For a wearable sensor with wireless telemetry, a significant portion of the overall power is consumed during signal processing and wireless communication. Simultaneous power-management algorithms can play an important role to reduce the power consumption for wireless-sensor networks.

The key concept of the power-management technique is to reduce the transmission power by turning off the network nodes when not in use. If the network node is idle for a specific period of time, it’s automatically switched into sleep state, thus consuming a low amount of power. The system should have the capability of waking up from the idle node when it’s required to make measurements or transmit and receive data.

Efficient power management and reduction of power consumption can play an important role in the realization of wearable devices. However, the selection of power source is also an important factor to determine the overall lifespan of the sensor system, particularly for wearable and wireless applications. Usually, standard alkaline and Li-ion/NiMH/Li-polymer are the most common varieties of batteries to power up the sensor circuitries.

Due to the limited capacity of these batteries, energy harvesting has generated a significant interest among researchers. Energy harvesting can be used to recharge the batteries on a regular basis to maximize the system’s lifespan. On the other hand, it can replace the battery altogether to make the overall system self-powered and more convenient with reduced size and weight.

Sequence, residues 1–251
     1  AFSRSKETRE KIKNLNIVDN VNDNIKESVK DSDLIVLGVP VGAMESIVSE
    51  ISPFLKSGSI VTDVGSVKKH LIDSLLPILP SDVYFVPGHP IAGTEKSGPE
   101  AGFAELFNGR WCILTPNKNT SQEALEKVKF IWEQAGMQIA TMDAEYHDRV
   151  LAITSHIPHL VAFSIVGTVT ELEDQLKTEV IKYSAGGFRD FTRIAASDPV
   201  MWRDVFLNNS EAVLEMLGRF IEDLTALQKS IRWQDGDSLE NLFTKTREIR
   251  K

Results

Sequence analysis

Still, the current state of energy harvesting isn’t capable of supplying the required level of power to fully power up the wearable and wireless sensors. Nevertheless, by merging the approaches to reduce the power consumption and increase the harnessed energy, it has the potential to address the tradeoff between performance parameters and lifetime of sensor nodes.

Energy can be harvested from many different sources. However, the selection of energy sources plays a vital role in the availability and controllability of the energy for use. For a controllable energy source, the energy can be harnessed as required by the application. On the other hand, a non-controllable source allows harvesting energy only when available.

Furthermore, the energy sources can also be classified as ambient energy sources, such as wind, solar, etc., and human power, such as the energy derived from human motion. Human power sources can be considered as attractive choices for energy harvesting for wearable sensor and healthcare monitoring, which are most likely to be attached to the human body.